The U.K. currency has become the most prominent victim of the Brexit debate, falling 18 percent against the dollar since the British voted in June to withdraw from the European Union. The pound is the worst performer among major currencies this year.

The reason? Sterling has become the main vehicle with which investors can express their dismay, first at the vote, then at signals by politicians that the government is heading for a so-called hard Brexit, an exit agreement with the EU that puts more emphasis on controlling immigration than on maintaining maximum access to the EU market’s 500 million customers.

U.K. Prime Minister Theresa May’s government has highlighted the increased competitiveness that a weaker exchange rate can provide. Yet the drop in the pound reflects investors’ concern that a scaled-back relationship between the U.K. and its biggest trading partner will ultimately be bad for the British economy. “The biggest issue here is why the pound has fallen,” says Swati Dhingra, a research associate at the Centre for Economic Performance in London. “If it’s because there are bad fundamentals, or we can expect the economy to go into a downturn, or because trade barriers are going to rise—and that seems most likely—then it doesn’t necessarily help the economy.”

The pound’s depreciation is already starting to feed through to everyday life in Britain. Prices for iPhones and Microsoft software have gone up, and a spat over the proposed price hike of a cherished breakfast spread, Marmite, became a national obsession in October. (Its supplier, multinational Unilever, books its revenue in euros but sells its Marmite in pounds.) Inflation rose at an annualized rate of 1 percent in September, and some economists see it reaching 3 percent next year, from virtually zero in 2015. That’s bad news for a country that relies heavily on consumer spending and has seen wage growth stagnate. Brits are also facing some shocks in the cost of their vacations: The pound has lost as much as 19 percent against the five currencies used in their favorite travel spots.

The pressure on Britons’ wallets hasn’t so far dented the popularity of May, who swept to power upon David Cameron’s post-Brexit resignation. According to an October poll by market-research firm Ipsos Mori, 48 percent of voters are satisfied with her job as leader.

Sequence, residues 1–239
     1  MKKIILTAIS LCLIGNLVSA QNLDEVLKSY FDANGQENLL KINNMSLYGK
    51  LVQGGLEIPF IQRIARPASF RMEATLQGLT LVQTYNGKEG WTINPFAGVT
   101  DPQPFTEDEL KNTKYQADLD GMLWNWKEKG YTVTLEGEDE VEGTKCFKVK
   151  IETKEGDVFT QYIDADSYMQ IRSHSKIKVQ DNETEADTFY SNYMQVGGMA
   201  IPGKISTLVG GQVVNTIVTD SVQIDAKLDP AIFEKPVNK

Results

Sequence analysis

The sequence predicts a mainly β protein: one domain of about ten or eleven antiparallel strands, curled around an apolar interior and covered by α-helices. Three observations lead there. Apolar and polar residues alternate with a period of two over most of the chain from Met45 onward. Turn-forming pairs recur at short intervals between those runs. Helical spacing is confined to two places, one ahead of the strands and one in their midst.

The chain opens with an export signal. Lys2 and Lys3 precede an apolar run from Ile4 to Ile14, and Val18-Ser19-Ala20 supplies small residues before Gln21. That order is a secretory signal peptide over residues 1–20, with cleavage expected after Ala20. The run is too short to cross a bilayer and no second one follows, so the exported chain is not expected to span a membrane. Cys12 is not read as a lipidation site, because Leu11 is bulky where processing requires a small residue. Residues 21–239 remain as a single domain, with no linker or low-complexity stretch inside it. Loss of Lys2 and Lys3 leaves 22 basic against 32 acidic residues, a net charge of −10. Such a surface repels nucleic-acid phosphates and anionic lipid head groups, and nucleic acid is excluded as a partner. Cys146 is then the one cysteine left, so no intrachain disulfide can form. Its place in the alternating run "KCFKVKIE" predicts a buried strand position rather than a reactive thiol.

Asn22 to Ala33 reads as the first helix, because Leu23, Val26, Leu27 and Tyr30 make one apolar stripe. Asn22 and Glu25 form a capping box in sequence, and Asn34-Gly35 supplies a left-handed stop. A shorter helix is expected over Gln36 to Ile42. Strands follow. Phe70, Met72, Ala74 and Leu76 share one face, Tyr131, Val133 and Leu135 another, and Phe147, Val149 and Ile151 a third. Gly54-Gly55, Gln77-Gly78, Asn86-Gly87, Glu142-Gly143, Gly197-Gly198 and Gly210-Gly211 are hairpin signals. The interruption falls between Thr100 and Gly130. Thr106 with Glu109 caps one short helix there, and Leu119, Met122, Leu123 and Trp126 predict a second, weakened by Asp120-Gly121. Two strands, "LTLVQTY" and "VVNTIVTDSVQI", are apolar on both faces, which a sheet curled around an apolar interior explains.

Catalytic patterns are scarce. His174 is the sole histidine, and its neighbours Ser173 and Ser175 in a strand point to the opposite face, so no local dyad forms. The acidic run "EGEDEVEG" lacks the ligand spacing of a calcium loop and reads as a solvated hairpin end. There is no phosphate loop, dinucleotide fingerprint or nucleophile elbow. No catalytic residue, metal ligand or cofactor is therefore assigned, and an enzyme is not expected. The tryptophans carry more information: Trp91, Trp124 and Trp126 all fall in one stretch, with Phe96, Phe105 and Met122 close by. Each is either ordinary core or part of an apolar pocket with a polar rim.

David Bloom, global head of currency strategy at HSBC, calls the pound “the de facto official opposition of Brexit”—meaning its drop is doing more to temper the government’s stance on the shape of future relations with the EU than anti-Brexit politicians are. Since the pound has remained at depressed levels, there’s been “a little bit of softening around the hard edges” of the government’s rhetoric supporting the weak pound, he says.

If the currency continues its swoon, the government could find it harder to keep ordinary Britons happy. Prime Minister May might back down on sharp limits for immigration rather than lose trade links with the continent. “A hard Brexit seems to me to be the thing that’s really spooking markets,” says Andrew Goodwin, an economist at Oxford Economics. “If the pound does sell off, that’s going to push up inflation, and that’s potentially going to reduce the popularity of that sort of argument with people.”

The British see a squeeze on their finances coming. In the Ipsos Mori poll, 55 percent of respondents said the devaluation would be a bad thing for the country, and only 14 percent said it would be a good thing. Half of respondents said they expect their standard of living to decline because of Brexit.

Much will depend on the government’s ability to forge new trade deals. One possible bright side of the pound’s fall is its potential to spur the long-sought “rebalancing” of the U.K. economy toward investment and external demand and away from consumption at home. Economists expect the U.K.’s account deficit, now near an historic high, to narrow as exports improve. Yet some are skeptical. “If we’re going to make it harder to trade with our biggest trading partner, it’s going to be very difficult to replace any exports lost to the EU with other countries,” Goodwin says. “The idea of rebalancing is a silver lining amongst some pretty big clouds.”

The bottom line: The British government says the pound’s drop will turn the U.K. into an export dynamo. Others say it heralds economic pain.

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